“Stay still, Boevill. Please stay still this time.”
Boevill snorted and sat where he was, and then he sneezed, as if he had inhaled one of the monster’s hairs.
Henrik stayed crouched down, and he did not even turn around. He knew everything would be alright if the King was with the soldiers. If not, Henrik would have to wait before he was trusted. He had saved the city of Argad before, but there were stories of Shapeshifters in the woods who often sought to deceive and steal from whoever they could.
Henrik heard the footsteps drawing closer, the clanging of the metal covering the bodies of the soldiers as they took each step, and eventually, the marching stopped.
“Turn around,” it was a familiar voice to Henrik. It was steady and proud. It was the King.
Henrik slowly turned around, but stayed crouched down low.
“Is that really you?” the King said.
“Yes, King Arkus,” Henrik said. “It is me.”
“With a hound?”
“Yes. He saved us all from an attack, from whatever this monster is.”
“Prove that it is you.”
Henrik looked up, and then stood.
“Gallaisha told me you needed my help. I assume you called to her. There is word that the Marauders of Derdark are coming to try to invade your city once again. You have spies that have been informing you. What form your spies take, I am not sure. I can only assume they are your Arganbirds.”
The King stepped forwards and out of the protection of the soldiers. He wore a long and beautiful blue robe.
The King raised his hand to indicate silence. He certainly looked like a king. He was past middle-aged, but handsome, with a strong beard and strong hair and a kindness in his eyes that shone through his strength of character and fairness of heart. Henrik could see that beneath his long blue robe there was a metal plate of armour that protected the King’s body.
“It is unlikely a Shapeshifter would know that, unless they have found a way to access minds,” the King said. “Are you willing to be tested?”
One of the soldiers, holding a bow and arrow, drew his arrow back and pointed it at Henrik’s shoulder.
Boevill stood up and almost broke into a charge.
“Wait, Boevill,” Henrik said, raising both his hands towards the dog and pleading with him not to attack. “It’s necessary. Shapeshifters return to their original form if injured.”
Boevill remained standing, and did not move.
“The leg, please,” Henrik said, reaching down and unstrapping a portion of his bearskin armour on his leg. Once his leg was unprotected, and only a fine cloth covered it, the soldier fired the arrow directly into Henrik’s huge thigh.
It went in deep, and Henrik just gritted his teeth.
“Henrik, I’m so sorry,” the King said. “We have to be sure now that…”
“I know,” Henrik said. “I know.” Henrik ripped the arrow out of his thigh, exhaled sharply through his nostrils, and pressed down on the wound with both his hands. After a few moments the bleeding had stopped, and the cut had sealed.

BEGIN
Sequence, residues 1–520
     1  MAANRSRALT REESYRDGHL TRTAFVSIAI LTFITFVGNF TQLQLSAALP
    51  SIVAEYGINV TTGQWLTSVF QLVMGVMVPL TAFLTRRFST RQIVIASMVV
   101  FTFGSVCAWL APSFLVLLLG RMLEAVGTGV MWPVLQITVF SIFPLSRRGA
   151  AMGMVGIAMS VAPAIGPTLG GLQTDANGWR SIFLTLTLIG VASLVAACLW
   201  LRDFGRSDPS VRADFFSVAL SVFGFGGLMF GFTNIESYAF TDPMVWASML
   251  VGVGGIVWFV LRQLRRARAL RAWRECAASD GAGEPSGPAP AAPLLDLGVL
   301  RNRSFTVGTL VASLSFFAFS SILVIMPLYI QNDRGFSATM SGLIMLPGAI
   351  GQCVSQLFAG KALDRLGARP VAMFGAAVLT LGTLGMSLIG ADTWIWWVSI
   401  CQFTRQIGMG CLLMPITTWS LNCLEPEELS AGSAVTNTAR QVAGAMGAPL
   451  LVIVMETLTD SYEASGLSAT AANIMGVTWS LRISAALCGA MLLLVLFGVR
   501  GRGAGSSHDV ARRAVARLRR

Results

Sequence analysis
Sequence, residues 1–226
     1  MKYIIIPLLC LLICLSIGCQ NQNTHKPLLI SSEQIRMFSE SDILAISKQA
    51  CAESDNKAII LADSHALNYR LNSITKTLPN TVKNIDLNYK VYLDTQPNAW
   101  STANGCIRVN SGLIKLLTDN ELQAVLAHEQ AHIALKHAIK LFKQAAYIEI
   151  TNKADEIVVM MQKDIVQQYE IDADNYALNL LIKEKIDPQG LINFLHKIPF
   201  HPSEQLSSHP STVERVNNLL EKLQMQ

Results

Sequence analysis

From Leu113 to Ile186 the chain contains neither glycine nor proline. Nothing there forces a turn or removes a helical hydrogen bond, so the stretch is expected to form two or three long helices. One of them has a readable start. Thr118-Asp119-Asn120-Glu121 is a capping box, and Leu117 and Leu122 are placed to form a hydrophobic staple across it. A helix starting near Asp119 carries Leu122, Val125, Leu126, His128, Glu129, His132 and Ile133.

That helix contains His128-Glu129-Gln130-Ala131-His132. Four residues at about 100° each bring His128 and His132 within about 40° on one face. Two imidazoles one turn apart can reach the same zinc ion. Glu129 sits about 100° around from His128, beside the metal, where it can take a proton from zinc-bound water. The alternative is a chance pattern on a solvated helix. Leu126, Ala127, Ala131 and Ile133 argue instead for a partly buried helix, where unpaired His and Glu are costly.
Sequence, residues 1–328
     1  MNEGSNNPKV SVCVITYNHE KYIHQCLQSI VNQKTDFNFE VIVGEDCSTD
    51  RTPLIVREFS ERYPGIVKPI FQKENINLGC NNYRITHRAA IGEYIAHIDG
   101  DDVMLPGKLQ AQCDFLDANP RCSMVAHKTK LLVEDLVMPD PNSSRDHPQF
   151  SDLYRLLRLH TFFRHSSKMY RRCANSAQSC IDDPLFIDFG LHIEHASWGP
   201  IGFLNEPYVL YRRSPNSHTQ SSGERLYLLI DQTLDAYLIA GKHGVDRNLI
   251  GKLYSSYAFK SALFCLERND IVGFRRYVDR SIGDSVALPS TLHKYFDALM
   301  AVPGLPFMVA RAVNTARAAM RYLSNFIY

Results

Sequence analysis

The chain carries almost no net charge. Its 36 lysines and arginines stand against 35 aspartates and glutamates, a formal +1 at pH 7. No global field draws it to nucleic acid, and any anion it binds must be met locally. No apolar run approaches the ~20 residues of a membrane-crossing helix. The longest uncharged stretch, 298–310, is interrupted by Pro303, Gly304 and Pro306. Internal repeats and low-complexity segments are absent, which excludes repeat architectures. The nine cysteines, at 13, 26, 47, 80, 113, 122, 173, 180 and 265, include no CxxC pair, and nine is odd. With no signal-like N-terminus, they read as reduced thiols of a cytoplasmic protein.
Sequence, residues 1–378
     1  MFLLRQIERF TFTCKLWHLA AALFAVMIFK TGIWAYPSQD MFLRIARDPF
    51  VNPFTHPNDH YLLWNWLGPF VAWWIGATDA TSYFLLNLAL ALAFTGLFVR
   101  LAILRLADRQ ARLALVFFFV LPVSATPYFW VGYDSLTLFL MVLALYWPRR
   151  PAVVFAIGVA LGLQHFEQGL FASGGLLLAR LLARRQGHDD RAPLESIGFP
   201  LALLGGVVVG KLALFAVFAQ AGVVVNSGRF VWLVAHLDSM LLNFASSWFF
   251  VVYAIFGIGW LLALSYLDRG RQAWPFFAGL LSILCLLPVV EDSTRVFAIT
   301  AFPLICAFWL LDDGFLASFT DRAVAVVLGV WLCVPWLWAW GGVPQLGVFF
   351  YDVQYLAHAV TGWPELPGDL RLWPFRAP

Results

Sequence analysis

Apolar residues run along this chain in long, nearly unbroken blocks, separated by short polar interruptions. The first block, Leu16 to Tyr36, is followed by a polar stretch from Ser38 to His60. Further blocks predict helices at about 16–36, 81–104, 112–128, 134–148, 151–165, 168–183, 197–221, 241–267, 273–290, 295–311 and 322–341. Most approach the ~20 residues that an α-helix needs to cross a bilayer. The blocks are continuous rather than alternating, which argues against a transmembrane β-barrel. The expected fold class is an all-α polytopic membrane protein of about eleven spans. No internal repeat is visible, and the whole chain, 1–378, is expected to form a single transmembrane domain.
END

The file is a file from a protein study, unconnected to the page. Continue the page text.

“Amazing,” the King said, chuckling slightly. “Truly amazing. I never cease to be fascinated by your many talents, Henrik.” He looked behind Henrik, at the fallen hairy monster with only half a neck remaining. “Do you know what this horrid creature is?”
“No,” Henrik said. “It doesn’t feel natural to me.”
“It isn’t,” the King said. “We suspected the Marauders would send one at some point, to test it out. We didn’t think it would be so soon, and so stealthy in its approach. How it got past our lookout points within and beyond the forest, I do not know.”
Boevill coughed slightly.
“Come, please, we are grateful for you coming to our aid. I believe this hound of yours deserves a good meal. I will order this strange monster to be brought into the kingdom and inspected so that we can understand our enemy more fully. I will explain everything inside.”
Boevill coughed again.
As Henrik began to follow after the King and his soldiers, who were leading the way back into the Kingdom of Argad, Henrik beckoned Boevill towards him, and as Boevill trotted up, Henrik rubbed him on the back. For a moment, Henrik was sure that Boevill’s back hair felt thicker. There was something heavier about his stride. Boevill coughed again and shook his head.
“Boevill?” Henrik said. “Are you alright?”
Boevill coughed again and spluttered.
“Something is wrong, isn’t it?” Henrik said. “The blood, was it the blood of that thing?”
Boevill coughed and coughed and coughed again, and he spat out a big tuft of hair that had definitely come from the fallen monster.
Henrik looked at it in the very dim light that was shining out from the torches that were now alight on the walls of the kingdom. He was sure the hair was moving on the ground. Boevill began to sway slightly, as if he didn’t know where he was.
“King Arkus!” Henrik said. “This monster should not be brought into your kingdom!”